As I write these words, it's midnight here in the city of angels and I'm haunted by many things.
The wailing of coyotes in Griffith Park. The sound of a woman laughing cruelly, carried to me on the dry Santa Ana winds. The memory of my partner, slumped in a back alley, two slugs in his gut but dying of a broken heart.
But the things that haunt me most don't come out at night. No, this is the time of year you see them in the full light of day. Somehow that makes them scarier, more lethal, how proud and brazen they appear.
Yes, I'm talking about Girl Scouts selling their damned cookies.
When I was five years old, my sister was a Girl Scout.
This was an earlier America, a more trusting and optimistic time when pre-orders weren't mandatory. These cookies would SELL, period. The bakeries couldn't produce too many of them, so cookie-happy were we during this coldest of wars. The Scouts would lug these boxes door-to-door (or, much more likely, parents would sit idling in the driveways, their car trunks stuffed with baked goods that increased the caloric and fat content of an entire nation).
I loved cookies. I was a kid, of course I did! If there were cookies in our house, I knew what kind, how many, and where they were. And I my heart pounded as my sister lugged in box after gigantic box to place atop the kitchen table. There had never been more cookies under our roof than on that day! And while I knew I'd be given some of these cookies, nothing tastes better than a purloined cookie. Nothing.
I was a cookie ninja. You couldn't hide them from me. I knew how to sneak a cookie when there were only four in the jar. The trick wasn't that they would be counted -- just break one in half, and a cookie-checking parent, frazzled from their long day of doing whatever it was that parents did, might look in and think: well, were there four, or just four pieces? The trick was not getting caught with a cookie in hand or mouth!
That day, when no one was looking, I swiped two boxes of Thin Mints and ran to my room. If I ate them fast enough and disposed of the boxes, I'd get away with it.
It was a simple strategy worthy of Sun Tzu ... or, since I didn't who that was at the time, maybe Ultraman. And that was my last conscious thought for some time.
Later that day, my dad is calling me to dinner. He can't find me. He walks through the house, makes a circuit of the yard, scans neighboring yards to see if I'm around. He goes to my mom and they prepare a thorough search of the house again.
I'm discovered somehow wedged between the couch and the wall in our den. I have no memory of going there or what I hoped to accomplish. It's possible I was trying to hide the empty boxes back there, because they are clutched in my trembling hands. Or maybe I was doing what most animals do when they fear they're dying: looking for a dark and quiet place to do so.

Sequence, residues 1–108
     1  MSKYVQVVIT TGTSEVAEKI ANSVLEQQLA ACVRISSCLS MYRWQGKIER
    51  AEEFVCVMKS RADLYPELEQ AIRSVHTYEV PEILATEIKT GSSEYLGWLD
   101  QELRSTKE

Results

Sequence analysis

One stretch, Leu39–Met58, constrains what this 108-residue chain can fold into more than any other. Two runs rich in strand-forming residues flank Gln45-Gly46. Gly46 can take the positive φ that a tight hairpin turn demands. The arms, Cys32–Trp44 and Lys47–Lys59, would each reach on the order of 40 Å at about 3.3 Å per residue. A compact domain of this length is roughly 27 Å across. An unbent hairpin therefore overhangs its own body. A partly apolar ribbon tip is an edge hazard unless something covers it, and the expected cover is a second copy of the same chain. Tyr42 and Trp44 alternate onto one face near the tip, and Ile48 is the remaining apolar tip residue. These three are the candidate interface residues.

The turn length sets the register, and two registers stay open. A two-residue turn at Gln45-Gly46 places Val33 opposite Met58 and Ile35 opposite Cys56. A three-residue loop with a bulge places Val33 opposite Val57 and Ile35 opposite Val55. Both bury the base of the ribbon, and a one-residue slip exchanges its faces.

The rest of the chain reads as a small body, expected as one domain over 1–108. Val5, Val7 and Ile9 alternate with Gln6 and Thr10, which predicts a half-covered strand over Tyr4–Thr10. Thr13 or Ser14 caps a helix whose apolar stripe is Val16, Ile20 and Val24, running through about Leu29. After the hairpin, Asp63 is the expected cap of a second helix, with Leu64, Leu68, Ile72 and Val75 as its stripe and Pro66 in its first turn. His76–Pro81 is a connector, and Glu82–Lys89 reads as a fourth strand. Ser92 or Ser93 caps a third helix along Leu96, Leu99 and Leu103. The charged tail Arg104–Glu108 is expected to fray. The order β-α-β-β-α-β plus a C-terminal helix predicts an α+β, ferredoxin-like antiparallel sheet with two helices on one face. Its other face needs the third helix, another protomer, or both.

When they pull me out, my dad takes one look at me and gasps. He swears to this day that my skin was a light shade of mint green. I was almost comatose from cookie overdose, my stomach and throat literally stuffed solid with dozens of Thin Mints.
Had scientists examined me, they probably would've announced to a shocked and mourning world that I was now more cookie than boy.
My parents knew what was going to happen next. They gently led me to the bathroom, lifted the toilet seat and sat me on the edge of the bathtub facing that porcelain maw. My mom waited with me, pressing a cold washcloth to my radioactive forehead while I moaned and cried.
And soon the retching began. I'd been sick before and that had been horrible, but nothing nothing NOTHING like this. My body spasmed into full-out detox mode. It became a fierce food evacuation machine whose violence would not cease until all Thin Mints were purged from my body.
The smell and taste of chocolate and mint, only hours before such a delight to me, re-emerged to sear my senses like hellfire.
I was so sick they kept me out of school the next day. I lay in bed, pale and sweaty and dehydrated ... with that horrid, acrid taste and smell somehow still in me, a demon that would not be exorcised.
To this day, I love chocolate. And I've been known to enjoy a fine breath mint. But if those two odors or tastes ever cross, they combine into something more toxic and death-dealing than Agent Orange to my system. I literally become my five year-old self again, and the soul-shattering body memory makes me twitch and shudder uncontrollably, and I have to pull or press away from whatever the source might be.
Chocolate-mint is my kryptonite.
The coyotes are howling again. And somewhere in the distance, yet never too far off, a boy cowers in the dark, haunted by visions of girls dressed in mint green uniforms, serving up plates and plates of cookies.
Resist those Trefoils and Samoans. Like the Sirens of The Odyssey, they'll only lure you in closer for destruction. These tables of cookies should be gone by April. Hang in there, kid.